I read an article the other day quoting an executive from Lenovo claiming that far fewer and fewer customers were buying notebooks with optical drives. The number continues to decrease year after year.
But Apple already figured that out when the MacBook Air was originally introduced.
At the time, the Air was roundly criticized because of the lack of the usual connection ports, such as Ethernet and FireWire, and the fact that there was no internal optical drive. How could you possibly exist without being able to run CDs and DVDs? Oh yes, you could get an external USB-based device, if that's what you wanted, but I wonder how many Apple actually sold.
The question of the lack of Blu-ray on Macs has pretty much been answered already. It'll never happen on a Mac. Steve Jobs has other priorities, and the "bag of hurt" licensing is evidently the least of it.
Now don't get me wrong, I am decidedly reluctant to acquire a computer without a DVD drive. But the fact of the matter is that I rarely use them. Sure, sometimes I make a CD copy of music I've downloaded from iTunes. I have a large spindle of optical media that I bought two or three years ago, but I've only burned a dozen discs since then. On a rare occasion, I've even installed software that way, although, with the exception of OS upgrade packages, most of what you need can be downloaded online. That's how I got my copy of the last Adobe Creative Suite, though it took a while to retrieve the entire installer.
The optical drive on my MacBook Pro has only been used once or twice since I acquired it, and I can't even say for certain if it even works anymore. Maybe I should test it again before the warranty runs out.
Indeed, when Apple talks up the MacBook Air as a next generation product, you only have to look at what's there, and what isn't, to see what a future MacBook Pro might be like.
I do not realistically expect that the number of USB ports will be reduced, and the professional users who have embraced this product won't stand for the loss of FireWire or Ethernet. Intel's forthcoming high-speed Light Peak might also be part of the picture. But all that's trivial in the scheme of things. The key changes you're apt to see are the total elimination of mechanical hard drives and optical devices. Gone, kaput, history.
It makes sense to want to ditch the traditional hard drive. On a notebook, they can be slow, and far more susceptible to damage. If you drop your notebook, and the display survives, even the best safety mechanisms might still leave you with a damaged drive, although we all know they can fail unexpectedly anyway even under normal use and service.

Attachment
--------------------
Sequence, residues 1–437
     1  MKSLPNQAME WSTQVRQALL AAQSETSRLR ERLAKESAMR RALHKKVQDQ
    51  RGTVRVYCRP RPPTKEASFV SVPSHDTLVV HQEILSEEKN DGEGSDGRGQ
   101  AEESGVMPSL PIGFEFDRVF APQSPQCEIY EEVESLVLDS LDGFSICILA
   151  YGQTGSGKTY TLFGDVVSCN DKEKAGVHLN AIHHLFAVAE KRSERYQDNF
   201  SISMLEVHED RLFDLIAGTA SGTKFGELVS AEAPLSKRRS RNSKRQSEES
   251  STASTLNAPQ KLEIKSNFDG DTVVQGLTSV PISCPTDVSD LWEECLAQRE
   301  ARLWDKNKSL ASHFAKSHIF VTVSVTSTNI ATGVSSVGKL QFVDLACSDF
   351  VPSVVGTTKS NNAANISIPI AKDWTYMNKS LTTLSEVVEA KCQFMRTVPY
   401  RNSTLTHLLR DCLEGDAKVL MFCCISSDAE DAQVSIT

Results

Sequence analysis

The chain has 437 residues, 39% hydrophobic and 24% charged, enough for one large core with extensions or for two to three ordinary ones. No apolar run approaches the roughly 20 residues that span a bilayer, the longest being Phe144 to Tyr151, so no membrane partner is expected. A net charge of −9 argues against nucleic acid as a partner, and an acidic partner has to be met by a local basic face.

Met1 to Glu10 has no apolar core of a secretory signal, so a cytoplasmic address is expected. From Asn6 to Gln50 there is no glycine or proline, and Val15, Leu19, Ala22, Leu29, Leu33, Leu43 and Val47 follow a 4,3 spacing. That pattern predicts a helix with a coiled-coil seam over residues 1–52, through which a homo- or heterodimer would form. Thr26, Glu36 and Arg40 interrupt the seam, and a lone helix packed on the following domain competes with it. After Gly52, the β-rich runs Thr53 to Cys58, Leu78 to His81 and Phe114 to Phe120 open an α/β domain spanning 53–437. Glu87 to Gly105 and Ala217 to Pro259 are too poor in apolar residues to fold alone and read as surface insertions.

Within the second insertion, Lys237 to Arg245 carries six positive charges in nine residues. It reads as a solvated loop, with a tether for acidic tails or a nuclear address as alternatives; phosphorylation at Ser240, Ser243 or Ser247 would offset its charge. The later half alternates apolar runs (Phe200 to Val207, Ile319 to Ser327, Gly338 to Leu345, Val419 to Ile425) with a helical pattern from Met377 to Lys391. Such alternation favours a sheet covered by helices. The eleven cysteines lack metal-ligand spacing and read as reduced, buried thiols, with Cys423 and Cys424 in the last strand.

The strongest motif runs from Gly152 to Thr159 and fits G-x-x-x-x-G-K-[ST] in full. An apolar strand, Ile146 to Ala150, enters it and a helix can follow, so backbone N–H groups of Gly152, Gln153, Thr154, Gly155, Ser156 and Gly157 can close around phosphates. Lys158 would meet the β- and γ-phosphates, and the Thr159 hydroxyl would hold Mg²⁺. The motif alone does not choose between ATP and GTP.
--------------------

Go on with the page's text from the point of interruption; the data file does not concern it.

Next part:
It really doesn't matter if your drive is under warranty. They will only guarantee the mechanism, not what's on it. No wonder drive recovery services continue to prosper, because most of you still don't have a regular backup regimen.
However, all this doesn't necessarily mean solid state storage will take over all but the professional markets overnight. Even though the MacBook Air is strictly SSD, the cost remains high for a reasonable amount of capacity, many times that of the equivalent amount of mechanical storage. It will take several years before pricing comes down to a sensible level for the 128GB to 512GB storage most of you would expect.
More to the point, if the suspected Apple dream of cloud-based computing comes to pass, maybe you won't need to put all your stuff on a MacBook anyway. Your iTunes music and video libraries, often the largest file repositories on a typical Mac, will be stored somewhere in Apple's new server farm. You'll only need local copies for backup, when you don't have Internet access, or maybe only enough data will be cached to keep you running until your online service is restored.
That situation, however, depends on nearly full-time broadband access. With perhaps a third of the population of the U.S. saddled with dial-up, whether they want it or not, that may not be a goal easily achieved. That's one thing Apple seems to forget as system updates grow larger and larger.
When it comes to the optical drive, if you can depend on copying your stuff to the iPhone, iPod or iPad, or just streaming your music and movies to the device of your choice, one of the essential requirements for such a storage system will be eliminated. Assuming the Mac App Store takes over a large portion of the software market, aside from existing online resources, you won't need an optical drive to load software. The rest can, as with the OS installation for the MacBook Air, be provided on a USB drive.
What confounds the skeptics is that Apple continues to look at what the tech world will be next year, five years from now, and even in the next decade. Companies that only comprehend this quarter and the next will never see that vision, but once Apple establishes a trend, you can expect the bottom feeders to quickly chase after them.
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